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Blue October

Miserabilists in America hooked into the melodramatic delights of post-millennium alt-rockers BLUE OCTOBER – a sadly-named excuse for a band or the next big thing from the Lone Star State. Not to everyone’s taste it seems, many pundits have pigeonholed them as mere R.E.M., (GABRIEL and COLLINS era)-GENESIS and DAVE MATTHEWS BAND copyists. Identified by the angst-riddled singer/songwriter/guitarist, Justin Furstenfeld, Britain has yet to feel the spirit of BO, despite the quintet serving up several studio sets and some time-filling live-in-concert CDs.
From San Marcos in Texas, Justin, his brother Jeremy (drums) and multi-instrumentalist Ryan Delahoussaye (mainly violin and mandolin) set out their stall in 1995, recruiting bassist Liz Mullally along the way. Helped by their manager parents, and some early-morning television showcases on ABC’s KTRK-TV, further bookings came their way when KID ROCK’s manager Michael Rand took the unsigned act on a busy touring schedule.
BLUE OCTOBER’s debut album, THE ANSWERS (1998) {*7} was independently released by RoDan Records and available by mail-order only. Selling out its 5,000 copies in a short space of time, there was light at the end of the tunnel when the group signed to Universal Records. Justin’s poetical prose feature on several high spots on the album: `Two A.M. Lovesick’, the wistful `Breakfast After Ten’, `Black Orchid’ (about suicide) and the uppity `Italian Radio’, all fan faves.
Liz was now out of the picture for BLUE OCTOBER’s major record deal set, CONSENT TO TREATMENT (2000) {*7}, while two newcomers, Brant Coulter (guitar) and Matt Noveskey (bass), settled in as they became a hot touring quintet. Bittersweet songs about breaking up, `Breakfast At Ten’ and `The Answer’ make other appearances, but it’s down to `Independently Happy’, `Amnesia’ and `Balance Beam’ to sweep an exuberant track listing.
Although Matt was still involved in the band’s next set, his replacement Dwayne Casey was on board, as was Brant’s substitute, C.B. Hudson. HISTORY FOR SALE (2003) {*6} was originally meant for Dallas-based indie, Brando, but Universal had re-instated their intentions just after its release. A bit of a “marmite” set in its half-punk/half-AOR appeal, and that distinguishable, gushing vox of main man, Justin (examples: `Razorblade’, `Calling You’ and `Inner Glow’), Texas had a promising act on their hands.
With Matt out of the picture for the live homecoming CD/DVD package, ARGUE WITH A TREE… (2004/5) {*6} – his berth taken by Piper Skih – FOILED (2006) {*7} was definitely BLUE OCTOBER’s finest hour. Entering the Top 30, the introspective nature of Justin’s passionate vocal chords was best served by `Into The Ocean’, `Hate Me’ (their first major hit) and `18th Floor Balcony’. The need for FOILED FOR THE LAST TIME (2007) {*6} – a second live double-disc – was beyond anyone but the most loyal of fans and anyone from the rest of the globe who missed the original.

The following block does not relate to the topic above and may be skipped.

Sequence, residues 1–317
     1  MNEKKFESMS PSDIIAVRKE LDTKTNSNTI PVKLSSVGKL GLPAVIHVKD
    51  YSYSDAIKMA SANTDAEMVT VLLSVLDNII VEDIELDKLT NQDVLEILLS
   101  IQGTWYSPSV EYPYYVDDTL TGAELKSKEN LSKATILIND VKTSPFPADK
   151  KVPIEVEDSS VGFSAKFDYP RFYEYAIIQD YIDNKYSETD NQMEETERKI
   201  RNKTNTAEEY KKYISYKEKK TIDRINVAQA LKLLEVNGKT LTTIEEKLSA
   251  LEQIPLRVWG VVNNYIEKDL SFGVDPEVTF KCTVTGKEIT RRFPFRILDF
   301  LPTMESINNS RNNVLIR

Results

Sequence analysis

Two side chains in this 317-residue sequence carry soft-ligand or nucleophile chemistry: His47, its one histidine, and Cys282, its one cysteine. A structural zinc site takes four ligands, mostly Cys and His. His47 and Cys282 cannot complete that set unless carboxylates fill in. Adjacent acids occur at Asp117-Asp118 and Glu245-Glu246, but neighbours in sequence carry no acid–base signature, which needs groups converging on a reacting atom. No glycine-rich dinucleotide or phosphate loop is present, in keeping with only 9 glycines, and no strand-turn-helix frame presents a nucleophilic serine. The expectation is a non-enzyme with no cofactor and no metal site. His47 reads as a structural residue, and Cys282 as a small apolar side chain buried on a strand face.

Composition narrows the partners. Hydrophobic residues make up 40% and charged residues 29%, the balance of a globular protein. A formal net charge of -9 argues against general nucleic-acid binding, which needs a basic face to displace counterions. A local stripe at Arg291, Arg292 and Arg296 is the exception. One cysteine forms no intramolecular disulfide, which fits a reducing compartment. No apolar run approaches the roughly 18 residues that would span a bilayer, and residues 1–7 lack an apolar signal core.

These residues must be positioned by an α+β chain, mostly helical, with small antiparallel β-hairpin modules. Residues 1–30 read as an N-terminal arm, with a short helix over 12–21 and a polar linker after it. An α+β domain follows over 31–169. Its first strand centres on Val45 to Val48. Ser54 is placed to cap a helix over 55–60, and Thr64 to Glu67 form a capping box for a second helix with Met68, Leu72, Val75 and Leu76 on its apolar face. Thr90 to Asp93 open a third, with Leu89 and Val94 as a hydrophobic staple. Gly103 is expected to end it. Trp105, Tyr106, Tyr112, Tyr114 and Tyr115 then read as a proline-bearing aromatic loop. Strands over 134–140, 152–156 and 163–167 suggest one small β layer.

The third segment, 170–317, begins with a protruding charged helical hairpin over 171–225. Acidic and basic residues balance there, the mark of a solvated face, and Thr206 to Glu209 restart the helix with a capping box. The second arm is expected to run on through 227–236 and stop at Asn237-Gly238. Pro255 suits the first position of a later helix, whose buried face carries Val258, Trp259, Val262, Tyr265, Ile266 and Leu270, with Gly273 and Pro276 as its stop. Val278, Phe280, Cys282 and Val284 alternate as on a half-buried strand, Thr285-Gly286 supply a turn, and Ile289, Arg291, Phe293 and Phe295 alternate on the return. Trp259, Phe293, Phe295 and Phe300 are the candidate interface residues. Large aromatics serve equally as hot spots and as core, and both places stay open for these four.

Toying with post-grunge long after its sell-by-date, APPROACHING NORMAL (2009) {*5}, pumped iron like never before, Justin snarling and sniping at the world through kaleidoscopic spectacles, while procuring Britisher-style accents in the Guy Garvey mould on `Kangaroo Cry’, `Say It’ and the appropriately-titled `The End’. Aarrgghh – and then another Brando-endorsed live effort, UGLY SIDE: AN ACOUSTIC EVENING WITH BLUE OCTOBER (2011) {*5}.
Hudson-less and ready-made for another wallowing excursion into the over-produced arena-rock stadia, the Top 10 ANY MAN IN AMERICA (2011) {*5}, was at least pandering to the common man/woman; it was also the group’s first release on Justin’s Up/Down Records. A sad case of stop-me-if-you’ve-heard-this-one-before, stating domestic upheavals and everything else near the kitchen sink (Justin had just divorced), only `The Chills’, `Drama Everything’, `The Money Tree’ and `The Feel Again (Stay)’, were worthy of its overrated chart position.
Album number seven, SWAY (2013) {*6}, took an ethereal/ambient approach on a cut or two; one example `Breathe, It’s Over’. Still, fans (“Blue-bers” anyone?) flocked to buy the Top 20 record in the same way ELBOW acolytes did in Britain – no comparison. Maybe songs such as `Light You Up’ (very bubbly and electro-organic) and the angst-ridden `Hard Candy’ will grow and grow with further listens, but the group’s testing point will be if the UK finally decides to “let them in”.
Bypassing another strictly fan-friendly concert CD/DVD package, THINGS WE DO AT NIGHT (LIVE FROM TEXAS) (2015) {*6} – recorded a year earlier at the Dallas House of Blues – BLUE OCTOBER sprung back into action, and indeed the Top 20, with studio album number eight, HOME (2016) {*6}. Recorded prior to C.B. Hudson breaking his collarbone in a dirt bike accident (the moody 5-piece would subsequently rope in Matthew Ostrander (ex-Viv) to fill, as it turned out, the permanent void), this set had young Americans salivated over its swooning pop-rock grooves and subfuscous submissions. Boxes ticked for melodrama and melody, their “bi-polar art-rock” manifesto was elasticated for best bits, `Time Changes Everything’ (at 7 minutes), `Heart Go Bang’ and the title track.
2018’s I HOPE YOU’RE HAPPY {*7} chalked up another Top 30 place for the quartet, who’d now feature Ostrander’s replacement, lead guitarist Will Knaak. As brooding and acerbic as anything from The NEVILLE BROTHERS to The NATIONAL, Furstenfeld’s downcast but dramatic flourishes were defined arena-calling `Daylight’, `I Want To Come Back Home’, `How To Dance In Time’ and the 9-minute finale `Further Dive (The House That Dylan Built)’. The album also reached beyond its paranoid perimeters by introducing some catchy 80s-styled mini-symphonies in `Let Forever Mean Forever’ and the bouncy, LIVING IN A BOX-meets-BLANCMANGE-like title track.
© MC Strong/MCS Aug2013-Sep2018

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